In the preliminary observations on the subjects already treated of, I am aware that it may appear to some that I have not sufficiently urged the importance of a judicious selection of situation, exposure, aspect, soil, etc. My object in not insisting on a strict attention to these important points was, because I know that, though good land is abundant in this extensive country, it is impossible for every one to choose for himself; and rather than any disadvantages in these respects should discourage proprietors of land from attempting to raise garden products, so necessary to the comfort and convenience of every family, I have endeavoured to show them how to use to advantage whatever land may surround their places of abode. As, however, some have a choice, it may be necessary to offer some farther remarks on the subject.

The situation of an Orchard or Fruit Garden should be one that has the advantage of a free circulation of air, and is exposed to the south, with a slight inclination to the east and southwest. When the situation is low and close, the trees are very liable to become mossy, which always injures them, by closing up the pores of the wood; they are also more liable to be affected by blight. Although having an orchard closely pent up by trees, etc, is injurious, nevertheless a screen of forest trees, at such a distance from the fruit trees as that the latter will not be shaded by them, is of very great service in protecting the trees in spring from severe cold winds.

A good strong loamy soil, not too retentive of moisture, to the depth of thirty inches, or three feet, is most suitable for an orchard. Great attention must be paid to the substratum, as the ground must be well drained; for if the top soil be ever so good, and the bottom wet, it is very rarely the case that, the trees prosper many years; they soon begin to be diseased go to decay. As it is so indispensably necessary to the success of fruit trees that the bottom should be dry, if it is not naturally so, it must be made so by judicious draining.

When it is necessary to make the bottom dry by draining, it must be done some time before the trees are planted. In performing this work, the ground must be trenched, and when the trench is open, stone, or brick-bats, etc, must be laid over the bottom to the thickness of six inches, a little coal ashes, or small gravel, must be sprinkled over the top of the stones, etc, and then the surface gently rolled. Drains may also be made in different directions, so that any excess of moisture can be taken entirely away from the ground.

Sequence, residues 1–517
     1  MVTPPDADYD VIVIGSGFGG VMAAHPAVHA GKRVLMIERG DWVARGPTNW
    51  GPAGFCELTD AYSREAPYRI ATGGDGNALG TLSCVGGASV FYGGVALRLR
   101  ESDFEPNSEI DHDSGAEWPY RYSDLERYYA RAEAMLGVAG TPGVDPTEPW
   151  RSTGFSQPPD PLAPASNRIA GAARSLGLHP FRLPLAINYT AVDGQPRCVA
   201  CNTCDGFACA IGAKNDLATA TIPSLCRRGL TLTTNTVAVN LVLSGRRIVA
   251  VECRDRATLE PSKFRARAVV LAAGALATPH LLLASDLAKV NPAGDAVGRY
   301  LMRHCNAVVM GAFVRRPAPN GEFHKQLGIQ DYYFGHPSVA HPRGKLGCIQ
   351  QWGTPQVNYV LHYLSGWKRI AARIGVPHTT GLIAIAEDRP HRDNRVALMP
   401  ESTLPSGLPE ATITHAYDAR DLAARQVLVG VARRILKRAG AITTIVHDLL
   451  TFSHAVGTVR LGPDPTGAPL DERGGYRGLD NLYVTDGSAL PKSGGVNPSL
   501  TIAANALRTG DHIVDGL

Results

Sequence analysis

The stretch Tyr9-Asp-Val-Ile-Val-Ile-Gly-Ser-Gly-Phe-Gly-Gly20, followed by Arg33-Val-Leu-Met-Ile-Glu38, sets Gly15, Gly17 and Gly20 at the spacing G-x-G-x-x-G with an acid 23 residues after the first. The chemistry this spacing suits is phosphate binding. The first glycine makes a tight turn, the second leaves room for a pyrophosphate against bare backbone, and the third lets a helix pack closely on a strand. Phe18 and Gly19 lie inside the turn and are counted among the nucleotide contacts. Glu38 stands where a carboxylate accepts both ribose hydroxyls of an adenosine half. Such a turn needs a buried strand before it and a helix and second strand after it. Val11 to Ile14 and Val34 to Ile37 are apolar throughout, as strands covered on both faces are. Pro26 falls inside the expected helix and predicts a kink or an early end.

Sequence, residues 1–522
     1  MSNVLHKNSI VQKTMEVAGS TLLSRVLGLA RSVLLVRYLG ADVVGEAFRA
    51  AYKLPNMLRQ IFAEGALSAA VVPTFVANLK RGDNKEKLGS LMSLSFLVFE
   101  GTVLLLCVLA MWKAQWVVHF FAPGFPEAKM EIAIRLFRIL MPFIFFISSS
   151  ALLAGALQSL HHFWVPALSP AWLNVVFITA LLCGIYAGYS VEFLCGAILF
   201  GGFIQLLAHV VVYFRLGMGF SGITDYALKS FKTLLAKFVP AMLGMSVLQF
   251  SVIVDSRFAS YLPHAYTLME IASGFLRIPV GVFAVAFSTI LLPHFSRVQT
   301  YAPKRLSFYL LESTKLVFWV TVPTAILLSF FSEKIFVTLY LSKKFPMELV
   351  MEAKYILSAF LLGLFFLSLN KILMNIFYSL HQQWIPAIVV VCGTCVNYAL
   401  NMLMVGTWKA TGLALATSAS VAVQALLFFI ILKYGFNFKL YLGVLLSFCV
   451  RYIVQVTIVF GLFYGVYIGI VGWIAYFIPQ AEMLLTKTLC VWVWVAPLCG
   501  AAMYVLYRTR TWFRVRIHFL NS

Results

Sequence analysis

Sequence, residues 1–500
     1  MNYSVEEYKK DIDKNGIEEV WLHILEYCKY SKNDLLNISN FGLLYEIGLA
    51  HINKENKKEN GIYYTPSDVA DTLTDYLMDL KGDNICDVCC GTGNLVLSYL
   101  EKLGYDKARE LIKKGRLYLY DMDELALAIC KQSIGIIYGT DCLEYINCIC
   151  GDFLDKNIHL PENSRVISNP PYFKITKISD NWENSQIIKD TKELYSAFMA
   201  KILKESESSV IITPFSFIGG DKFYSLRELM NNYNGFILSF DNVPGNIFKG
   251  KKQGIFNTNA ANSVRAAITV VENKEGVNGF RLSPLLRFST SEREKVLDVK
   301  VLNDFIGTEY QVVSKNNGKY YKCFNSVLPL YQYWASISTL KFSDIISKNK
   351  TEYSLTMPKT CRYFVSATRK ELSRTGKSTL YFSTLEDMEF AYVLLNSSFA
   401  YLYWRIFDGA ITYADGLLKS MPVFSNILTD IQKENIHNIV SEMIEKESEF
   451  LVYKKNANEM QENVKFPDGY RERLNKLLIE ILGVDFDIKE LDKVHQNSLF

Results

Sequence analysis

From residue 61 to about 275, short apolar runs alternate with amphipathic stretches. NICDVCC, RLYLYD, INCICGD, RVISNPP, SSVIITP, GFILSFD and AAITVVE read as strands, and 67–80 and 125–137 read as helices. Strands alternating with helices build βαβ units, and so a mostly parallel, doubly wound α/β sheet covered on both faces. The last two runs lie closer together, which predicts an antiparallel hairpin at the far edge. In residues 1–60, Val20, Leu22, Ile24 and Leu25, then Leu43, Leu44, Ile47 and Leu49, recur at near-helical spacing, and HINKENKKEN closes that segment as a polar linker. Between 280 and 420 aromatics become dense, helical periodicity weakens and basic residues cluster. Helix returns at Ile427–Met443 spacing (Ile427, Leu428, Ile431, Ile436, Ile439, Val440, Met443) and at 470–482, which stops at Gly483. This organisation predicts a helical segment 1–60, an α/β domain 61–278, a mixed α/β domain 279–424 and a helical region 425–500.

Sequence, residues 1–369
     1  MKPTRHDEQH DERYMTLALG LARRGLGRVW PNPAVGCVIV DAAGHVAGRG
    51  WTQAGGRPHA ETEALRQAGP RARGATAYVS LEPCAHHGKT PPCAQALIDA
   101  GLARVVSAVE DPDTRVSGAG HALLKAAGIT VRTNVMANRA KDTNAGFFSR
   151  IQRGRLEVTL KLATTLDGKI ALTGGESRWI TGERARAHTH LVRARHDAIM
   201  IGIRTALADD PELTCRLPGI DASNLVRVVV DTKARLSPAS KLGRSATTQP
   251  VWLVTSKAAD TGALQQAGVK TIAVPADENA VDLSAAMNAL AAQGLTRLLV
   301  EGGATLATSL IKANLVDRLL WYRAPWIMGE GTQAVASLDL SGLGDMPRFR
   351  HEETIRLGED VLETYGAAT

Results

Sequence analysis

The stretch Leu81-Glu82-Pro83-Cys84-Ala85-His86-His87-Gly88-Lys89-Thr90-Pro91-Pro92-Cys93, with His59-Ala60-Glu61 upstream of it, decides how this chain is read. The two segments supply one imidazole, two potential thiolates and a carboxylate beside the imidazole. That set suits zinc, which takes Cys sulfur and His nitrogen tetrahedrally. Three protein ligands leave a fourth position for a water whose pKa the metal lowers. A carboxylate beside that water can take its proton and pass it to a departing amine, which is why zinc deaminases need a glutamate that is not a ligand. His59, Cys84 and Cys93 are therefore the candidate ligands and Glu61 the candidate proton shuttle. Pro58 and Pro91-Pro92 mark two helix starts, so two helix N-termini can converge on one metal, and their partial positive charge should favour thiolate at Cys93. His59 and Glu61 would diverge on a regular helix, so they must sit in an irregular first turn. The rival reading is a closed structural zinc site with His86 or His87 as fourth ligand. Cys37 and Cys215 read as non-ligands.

It is well known to most cultivators, that exposure of soils to the atmosphere greatly improves them, as is experienced by ridging and trenching. Where the soil is stiff and stubborn, small gravel, sand, coal ashes, lime, light animal and vegetable manure, and other light composts, are very appropriate substances to be applied, and will, if carefully managed and well worked into the ground, soon bring it into a proper condition for most purposes.

Previous to laying out an orchard or fruit garden, the soil should be manured and pulverized to a great depth. It should be made sweet, that the nutriment which the roots receive may be wholesome; free, that they may be at full liberty to range in quest of it; and rich, that there may be no defect in food.

If orchards are made from meadows or pasture lands, the ground should be improved as much as possible by manuring, trenching, ploughing, etc. If this is not done to its full extent, it should be done in strips of at least six feet in width along where the fruit trees are to be planted, and at the time of planting let the holes be dug somewhat larger than is sufficient to admit the roots in their natural position, and of sufficient depth to allow of a foot of rich and well-pulverized mould to be thrown in before the trees are planted.

In transplanting trees, they should not be placed more than an inch or two deeper than they were in the nursery bed, and the earth intended for filling in should be enriched and well pulverized by mixing in some good old manure; and if any leaves, decayed brush, rotten wood, potato tops, or other refuse of a farm, are attainable, let such be used around the trees in filling, taking care that the best pulverized mould is admitted among the fine roots. The trees in planting should be kept at ease, and several times shaken, so as to cause an equal distribution of the finer particles of earth to be connected with the small fibres of the roots; and when completely levelled, let the ground be well trodden down and moderately watered, which should be repeated occasionally after spring planting, if the weather should prove dry.

As some difference of opinion exists among practical men as to the best time for planting fruit trees, the following extract from Mr. Prince's Treatise on Horticulture is submitted: